I further hypothesized that this flawed flow might ultimately result in users spending more time navigating through information and neglecting certain input fields, which would account for the 22% uncompleted patient cases.
I re-organized the dashboard elements to fit the
logic flow of the providers when they use it.
Logic flow of the new design
I moved information items and data input fields according to the providers’ workflow that I observed through research. These elements were rearranged so that providers could navigate through them in a top-to-bottom, left-to-right fashion, which is a natural reading pattern for humans.
My assumption was that by changing the layout, the users could spend less time documenting on the dashboard without neglecting any input fields.
New "Updates" section
Insight from research
The MEND provider team works in a highly collaborative manner.
Patient cases could be handled by multiple providers on the MEND team throughout the time that the patient is in the hospital. Each day, MEND providers will write down who is responsible for which patient case on the printed patient list that they carry around.
Provider's notes on who is responsible for which patient
(SW - social worker, NP - nurse, MD - physician)
As a result, collaborating and communicating updates about patient cases has been an integral part of their workflow. Because of this, the MEND provider team wants dashboard features to help with these collaboration. During a focus group interview, one of the providers requested features to help distinguish between notes authors:
“Can we have color variation for team members [so we know who wrote which patient case update]?”
However, the old dashboard had underwhelming
features that would make collaborations easier.
Old interaction of documenting an update
The “Notes” section where providers wrote updates on patient cases was just a free-form text box. To view and write new updates, which is a frequent user action, the provider needed to scroll down within the text box, because the first few lines in the text box were usually clinical info about the patient.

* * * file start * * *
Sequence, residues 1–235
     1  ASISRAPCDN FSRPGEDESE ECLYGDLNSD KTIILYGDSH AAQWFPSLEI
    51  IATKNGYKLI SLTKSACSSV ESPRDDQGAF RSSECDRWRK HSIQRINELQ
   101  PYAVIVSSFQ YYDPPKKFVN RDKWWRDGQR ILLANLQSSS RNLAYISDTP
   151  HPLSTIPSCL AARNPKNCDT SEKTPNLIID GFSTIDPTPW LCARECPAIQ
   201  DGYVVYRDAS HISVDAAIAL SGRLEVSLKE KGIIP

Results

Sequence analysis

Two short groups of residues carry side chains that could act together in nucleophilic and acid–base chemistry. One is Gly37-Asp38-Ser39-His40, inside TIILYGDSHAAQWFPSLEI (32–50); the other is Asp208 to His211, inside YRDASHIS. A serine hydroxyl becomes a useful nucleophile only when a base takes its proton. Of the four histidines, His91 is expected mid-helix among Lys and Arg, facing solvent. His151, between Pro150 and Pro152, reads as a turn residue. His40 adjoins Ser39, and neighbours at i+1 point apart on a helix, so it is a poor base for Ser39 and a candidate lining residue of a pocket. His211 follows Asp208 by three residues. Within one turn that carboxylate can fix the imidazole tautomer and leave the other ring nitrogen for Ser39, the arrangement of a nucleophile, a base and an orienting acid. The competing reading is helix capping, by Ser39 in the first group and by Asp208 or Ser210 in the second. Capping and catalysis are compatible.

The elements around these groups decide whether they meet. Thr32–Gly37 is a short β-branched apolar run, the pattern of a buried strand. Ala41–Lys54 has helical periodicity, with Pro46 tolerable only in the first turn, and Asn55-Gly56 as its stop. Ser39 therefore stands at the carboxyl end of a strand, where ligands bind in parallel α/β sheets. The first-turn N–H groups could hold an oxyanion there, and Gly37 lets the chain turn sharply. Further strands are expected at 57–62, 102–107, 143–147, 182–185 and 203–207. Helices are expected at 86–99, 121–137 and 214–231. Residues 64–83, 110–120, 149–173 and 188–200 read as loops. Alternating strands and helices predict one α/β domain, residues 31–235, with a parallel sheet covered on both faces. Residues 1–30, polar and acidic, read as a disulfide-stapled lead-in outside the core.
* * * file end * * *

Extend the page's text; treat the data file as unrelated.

My hypothesis was that this increased the time providers spent to review patient cases.
I designed an “Updates” section for the providers to write and view updates of patient cases easily.
New interaction of documenting an update using the new "Updates" section
Replacing the “Notes” text box, the new “Updates” section is a place where providers submit entries that are displayed in a chronological order with timestamps and names of responsible providers.
In the earlier iterations, clinical info, which was at the top of the old “Notes” section, was included in this “Updates” section. In later iterations, it is moved towards the second column, as writing it is usually one of the first things providers do when they begin a patient case.
Early lo-fi wireframes of the "Updates" feature
By creating this section, I hypothesize that providers will be able to glance through updates about patient cases more efficiently, without missing any important information. The time saved would be applied to more clinical time with patients, which the providers valued more. Having their names shown would also increase their sense of ownership.
I'm currently in touch with my old project team to see if there has been a quantitative impact including decrease percentage of undocumented patient cases, and am scheduling follow-up interviews with users to evaluate qualitative impact.
It is truly fulfilling seeing my designs implemented and having a positive effect on real people - improving providers’ workflow and the delivery of healthcare to patients.
My biggest takeaway from this project is the importance of establishing baseline data. There are some baseline data of this project missing, making it hard to test some of my design assumptions. For example, because I didn't test the average time it take to document data per patient case or per day, I couldn't know if the new design really decreased the time users spent.
© 2021 Mike Dong